Glucocorticoids are used as the first line of treatment of HLH. Other agents as per HLH-2004 protocol [2] are cyclosporin, etoposide and intrathecal methotrexate (for patients with central nervous system involvement). The presence of both dengue-associated HLH and multiorgan dysfunction (MOD) in majority of the patients may indicate that they are part of an inflammatory spectrum, which also includes systemic inflammatory response syndrome [7]. Interleukin (IL)-6 and TNF are associated in the pathogenesis of MOD. Nonetheless, treatment for each syndrome is different, as HLH is treated with chemo-immunotherapy whereas supportive therapy is a keystone in MOD.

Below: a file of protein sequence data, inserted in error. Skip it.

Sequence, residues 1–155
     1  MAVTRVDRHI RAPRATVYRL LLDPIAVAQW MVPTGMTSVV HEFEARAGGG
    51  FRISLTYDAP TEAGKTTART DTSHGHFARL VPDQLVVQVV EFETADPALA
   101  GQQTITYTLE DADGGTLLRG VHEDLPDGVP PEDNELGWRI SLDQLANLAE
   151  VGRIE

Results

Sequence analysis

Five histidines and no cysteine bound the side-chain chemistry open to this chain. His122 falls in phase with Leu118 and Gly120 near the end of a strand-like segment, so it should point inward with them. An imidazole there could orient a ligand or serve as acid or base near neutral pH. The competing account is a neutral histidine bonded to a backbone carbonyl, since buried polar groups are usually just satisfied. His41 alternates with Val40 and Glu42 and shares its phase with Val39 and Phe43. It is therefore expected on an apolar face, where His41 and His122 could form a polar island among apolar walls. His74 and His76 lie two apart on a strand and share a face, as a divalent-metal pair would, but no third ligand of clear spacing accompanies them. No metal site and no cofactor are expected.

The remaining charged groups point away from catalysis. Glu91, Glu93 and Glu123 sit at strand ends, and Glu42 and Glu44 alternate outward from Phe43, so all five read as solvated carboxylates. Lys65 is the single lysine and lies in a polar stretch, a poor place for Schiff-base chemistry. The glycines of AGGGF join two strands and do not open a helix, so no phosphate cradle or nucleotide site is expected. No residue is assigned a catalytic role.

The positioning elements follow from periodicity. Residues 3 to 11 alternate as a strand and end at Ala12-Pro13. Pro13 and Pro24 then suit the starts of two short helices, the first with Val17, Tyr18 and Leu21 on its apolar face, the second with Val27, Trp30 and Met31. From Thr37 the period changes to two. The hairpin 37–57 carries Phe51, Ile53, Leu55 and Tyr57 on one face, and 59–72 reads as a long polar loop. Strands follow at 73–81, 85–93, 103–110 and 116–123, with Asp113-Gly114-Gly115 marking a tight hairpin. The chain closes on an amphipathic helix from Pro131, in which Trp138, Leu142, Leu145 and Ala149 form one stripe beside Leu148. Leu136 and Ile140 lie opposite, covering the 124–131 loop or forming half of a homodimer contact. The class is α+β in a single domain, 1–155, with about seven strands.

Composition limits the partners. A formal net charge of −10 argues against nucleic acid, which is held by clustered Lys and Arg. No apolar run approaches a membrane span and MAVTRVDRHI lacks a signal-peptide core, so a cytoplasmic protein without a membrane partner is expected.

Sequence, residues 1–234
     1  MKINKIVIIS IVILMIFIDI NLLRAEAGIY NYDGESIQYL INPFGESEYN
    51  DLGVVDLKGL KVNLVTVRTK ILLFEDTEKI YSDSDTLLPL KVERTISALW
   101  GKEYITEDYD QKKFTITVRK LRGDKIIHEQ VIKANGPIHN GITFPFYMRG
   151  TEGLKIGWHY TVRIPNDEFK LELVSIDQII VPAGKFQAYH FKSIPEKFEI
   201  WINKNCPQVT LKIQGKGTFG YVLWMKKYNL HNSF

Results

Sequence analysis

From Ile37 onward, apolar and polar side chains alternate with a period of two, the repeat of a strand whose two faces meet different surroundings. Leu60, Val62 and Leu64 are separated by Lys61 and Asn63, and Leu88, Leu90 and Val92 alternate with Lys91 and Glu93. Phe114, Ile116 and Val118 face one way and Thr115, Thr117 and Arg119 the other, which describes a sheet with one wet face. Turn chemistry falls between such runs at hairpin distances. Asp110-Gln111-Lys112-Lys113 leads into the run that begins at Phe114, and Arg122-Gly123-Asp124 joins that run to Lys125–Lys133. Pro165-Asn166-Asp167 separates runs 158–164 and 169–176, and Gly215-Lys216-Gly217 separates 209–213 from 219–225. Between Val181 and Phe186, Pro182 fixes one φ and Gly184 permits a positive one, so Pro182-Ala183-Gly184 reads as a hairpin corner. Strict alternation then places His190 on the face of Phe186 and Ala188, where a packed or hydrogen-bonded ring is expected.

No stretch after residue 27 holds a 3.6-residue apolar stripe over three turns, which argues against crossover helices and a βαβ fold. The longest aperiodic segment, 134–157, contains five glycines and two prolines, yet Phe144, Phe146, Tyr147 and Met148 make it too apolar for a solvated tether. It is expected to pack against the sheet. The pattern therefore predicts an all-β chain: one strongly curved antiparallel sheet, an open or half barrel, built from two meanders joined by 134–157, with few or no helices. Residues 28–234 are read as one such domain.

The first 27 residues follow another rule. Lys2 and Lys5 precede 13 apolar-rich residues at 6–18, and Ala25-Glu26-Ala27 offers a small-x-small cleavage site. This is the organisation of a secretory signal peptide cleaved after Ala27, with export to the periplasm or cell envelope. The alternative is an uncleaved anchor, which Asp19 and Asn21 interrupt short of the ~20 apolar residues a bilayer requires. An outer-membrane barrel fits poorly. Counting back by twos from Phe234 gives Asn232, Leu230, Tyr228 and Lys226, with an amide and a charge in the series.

Dengue fever, caused by a mosquito-borne virus belonging to the Flaviviridae family, is a serious public health problem in the Indian subcontinent. The year 2017 has seen a gross increase in the number of dengue cases in India. The clinical manifestations range from a self-limiting febrile illness to life-threatening disease with shock and MOD. In a study focusing on 162 adult HLH patients, 58% survival was noted [8]. The diagnosis of dengue is based on the detection of virus non-structural protein 1, which has greater sensitivity in primary infection (90%) when compared with secondary infection (60–80%). Alternatively, real-time PCR tests are available for virus detection. Serological testing for IgM and IgG antibodies helps in differentiation between primary and secondary infections.